In 1970 she visited Africa for the first time. She journeyed to eleven different countries on the African continent. The trip had been made possible with a grant from Howard University to keep a record of the various artists she met. She returned to the African continent in 1972, 1976 and 1977. In the painting a young woman looks out at us from under her partially closed eyelids. The girl’s face is surrounded by two types of masks: in profile, is a large Dan mask from Liberia or Côte d’Ivoire, and drawn within orange outlines are two Pende masks from the Democratic Republic of the Congo. Masks were thought to be powerful ways of communicating with spirits; the Dan mask represents a specifically female spirit, and the blue and red twisting lines in the lower left corner are a pattern of the Edo, from Benin Kingdom, called “rope of the world” representing a person’s lifetime., The woman’s forehead and cheeks are painted white for her initiation celebration into womanhood and vivid diagonal red lines overlap at the bridge of her nose, which leaves her mouth and chin uncovered. Loïs Mailou Jones was captivated by this woman and created the portrait in 1972, entitled Ubi Girl from Tai region. The Tai region was part of Côte d’Ivoire, which Lois visited during her extended trip to Africa. The artist had a long-held dream of traveling to Africa since her twenties, and at the age of 65, she fulfilled her career-long ambition.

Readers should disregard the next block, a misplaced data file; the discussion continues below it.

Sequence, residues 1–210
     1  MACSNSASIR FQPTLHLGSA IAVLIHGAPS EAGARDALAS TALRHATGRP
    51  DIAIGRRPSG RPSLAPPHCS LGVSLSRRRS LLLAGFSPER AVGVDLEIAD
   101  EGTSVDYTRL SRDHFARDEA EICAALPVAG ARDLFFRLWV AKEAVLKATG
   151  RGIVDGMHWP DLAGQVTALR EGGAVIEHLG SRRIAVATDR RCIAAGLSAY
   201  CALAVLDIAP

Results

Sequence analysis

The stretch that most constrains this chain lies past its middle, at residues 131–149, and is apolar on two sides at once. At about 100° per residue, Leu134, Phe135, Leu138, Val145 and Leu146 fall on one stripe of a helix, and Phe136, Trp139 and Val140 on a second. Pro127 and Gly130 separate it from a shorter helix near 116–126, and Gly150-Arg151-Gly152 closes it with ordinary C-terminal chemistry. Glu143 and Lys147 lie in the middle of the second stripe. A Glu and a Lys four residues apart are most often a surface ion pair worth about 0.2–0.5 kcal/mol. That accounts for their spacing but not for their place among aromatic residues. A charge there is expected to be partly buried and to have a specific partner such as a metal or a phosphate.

Jones continued to produce beautiful works of art. On her 84th birthday in November 1989, Jones had a major heart attack which necessitated a triple bypass operation. On June 9th 1998, Jones died at the age of 92 at her home in Washington, DC and is buried on Martha’s Vineyard in the Oak Bluffs Cemetery.